They sent the products to the University of Mississippi’s National Center for Natural Products Research for analysis via ultra high-performance liquid chromatography coupled to photodiode and quadrupole time-of-flight mass spectrometry detectors.

And they didn’t only look for yohimbine: they checked for two of the other alkaloids that commonly occur in the plant as well: rauwolscine and corynathine. If the supplement did indeed contain only botanical extract, those compounds should be present.

They found that the actual dose of yohimbine in each product ranged all the way from 0 to 12 mg — although the dosing tended to skew toward higher concentrations than labeled, Cohen said — and that latter figure is higher than the 5 mg or 10 mg doses that prescription yohimbine was available in.

More than a third (39%) of the supplements didn’t contain the two other alkaloids, suggesting that the yohimbine was either synthetic, or heavily processed.

“They should have been there if this were simple extract from a tree,” Cohen said.

Some of the brands specifically put the pharmaceutical-grade name “yohimbine hydrochloride,” or “yohimbine HCL,” on their labels. Among all 16 brands that did so, none of them contained the two other alkaloids. On the other hand, 88% of the brands that didn’t put this more technical name on the label had at least one of the two other alkaloids.

When it came to labeling active ingredients and adverse events, only 22% of products actually listed the quantity of yohimbine on the label. Even when they did, there was a good chance of mislabeling, with doses often running far higher than what was stated, Cohen said.

Although the majority of producers put information about side effects on their labels, about one in five still did not. And overall, only two brands accurately labeled both the quantity of yohimbine and adverse effects. (These, however, did not contain the other two alkaloids, suggesting they were highly processed.)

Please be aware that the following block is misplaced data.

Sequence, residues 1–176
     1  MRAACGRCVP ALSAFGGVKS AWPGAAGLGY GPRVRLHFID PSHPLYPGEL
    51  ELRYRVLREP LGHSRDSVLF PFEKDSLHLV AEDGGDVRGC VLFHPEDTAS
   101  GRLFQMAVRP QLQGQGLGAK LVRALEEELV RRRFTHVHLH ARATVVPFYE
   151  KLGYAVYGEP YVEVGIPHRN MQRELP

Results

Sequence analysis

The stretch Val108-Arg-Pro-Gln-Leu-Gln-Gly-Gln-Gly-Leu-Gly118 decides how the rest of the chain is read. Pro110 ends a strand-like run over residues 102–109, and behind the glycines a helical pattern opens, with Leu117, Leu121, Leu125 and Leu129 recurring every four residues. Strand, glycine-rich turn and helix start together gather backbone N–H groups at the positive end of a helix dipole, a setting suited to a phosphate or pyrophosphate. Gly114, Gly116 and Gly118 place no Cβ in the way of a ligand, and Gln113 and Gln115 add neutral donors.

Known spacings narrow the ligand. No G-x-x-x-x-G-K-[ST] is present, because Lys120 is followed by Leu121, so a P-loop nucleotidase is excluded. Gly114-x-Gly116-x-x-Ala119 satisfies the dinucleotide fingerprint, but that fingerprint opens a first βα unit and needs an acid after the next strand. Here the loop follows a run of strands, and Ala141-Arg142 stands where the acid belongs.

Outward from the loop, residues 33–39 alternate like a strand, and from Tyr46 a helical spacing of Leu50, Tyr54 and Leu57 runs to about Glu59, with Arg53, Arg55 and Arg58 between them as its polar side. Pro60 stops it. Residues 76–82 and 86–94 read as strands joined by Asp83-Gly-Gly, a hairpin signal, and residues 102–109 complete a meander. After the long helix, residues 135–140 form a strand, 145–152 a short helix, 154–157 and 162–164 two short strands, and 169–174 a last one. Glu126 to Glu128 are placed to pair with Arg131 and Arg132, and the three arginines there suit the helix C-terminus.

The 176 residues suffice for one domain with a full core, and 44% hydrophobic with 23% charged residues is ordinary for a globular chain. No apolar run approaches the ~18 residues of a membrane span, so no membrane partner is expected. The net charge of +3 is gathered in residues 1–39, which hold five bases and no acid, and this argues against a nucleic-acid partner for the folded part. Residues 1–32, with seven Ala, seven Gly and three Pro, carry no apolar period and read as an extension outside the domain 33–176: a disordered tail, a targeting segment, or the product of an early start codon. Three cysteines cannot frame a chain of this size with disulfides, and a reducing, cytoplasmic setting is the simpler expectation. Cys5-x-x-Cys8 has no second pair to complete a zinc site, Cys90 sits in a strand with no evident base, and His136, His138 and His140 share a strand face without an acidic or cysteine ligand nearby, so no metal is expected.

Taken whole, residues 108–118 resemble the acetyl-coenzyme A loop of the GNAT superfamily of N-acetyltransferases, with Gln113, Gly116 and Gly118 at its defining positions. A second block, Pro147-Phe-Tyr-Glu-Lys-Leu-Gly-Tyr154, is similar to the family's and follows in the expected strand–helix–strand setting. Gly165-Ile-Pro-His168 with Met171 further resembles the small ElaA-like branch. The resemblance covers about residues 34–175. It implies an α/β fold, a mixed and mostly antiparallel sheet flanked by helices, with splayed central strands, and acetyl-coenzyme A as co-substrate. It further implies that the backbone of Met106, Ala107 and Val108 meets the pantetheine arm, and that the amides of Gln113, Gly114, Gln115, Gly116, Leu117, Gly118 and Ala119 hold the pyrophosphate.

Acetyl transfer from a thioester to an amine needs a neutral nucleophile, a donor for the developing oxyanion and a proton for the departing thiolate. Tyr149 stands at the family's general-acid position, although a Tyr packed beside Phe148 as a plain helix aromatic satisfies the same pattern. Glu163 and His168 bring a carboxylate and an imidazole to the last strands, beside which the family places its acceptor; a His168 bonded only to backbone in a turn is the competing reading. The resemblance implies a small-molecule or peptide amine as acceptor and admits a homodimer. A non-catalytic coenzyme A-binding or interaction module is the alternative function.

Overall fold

The researchers acknowledged that their study was limited because they only analyzed one sample from each brand of supplement, but Cohen said this kind of practice wouldn’t be unusual in a system that doesn’t require companies to report how much active ingredient is in the product or what its side effects might be.

Cohen has been aggressively taking on the supplement industry, and Science recently dubbed him “The Supplement Sleuth.”

Last spring, his study that found a designer amphetamine called BMPEA in several over-the-counter products made headlines and subsequently led to the FDA sending warning letters to five manufacturers. As is the case with yohimbine, BMPEA is not allowed on the market in several countries but is not banned in the U.S.

Although some say reforming DSHEA and beefing up regulation of supplements — particularly if it should fall squarely on the shoulders of the overtaxed FDA — is futile, Cohen doesn’t seem deterred. He lists several steps that could go a long way, including requirements to list all ingredients and adverse effects on product labels, mandatory registration of all products with the FDA, and standardizing supplement recipes so there’s less variation in composition.


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Even the simple step of cutting the “structure function claims” that are allowed to appear on supplement labeling could have a huge impact, he said. These are the claims that the product “supports” or “boosts” all types of health from sexual health to immune function.

“If you couldn’t sell a product that ‘improves sex life’ and you just had to sell ‘yohimbe, …'” Cohen said, “you don’t have perverse incentives to try to create something from a botanical extract that looks more like a pharmaceutical.”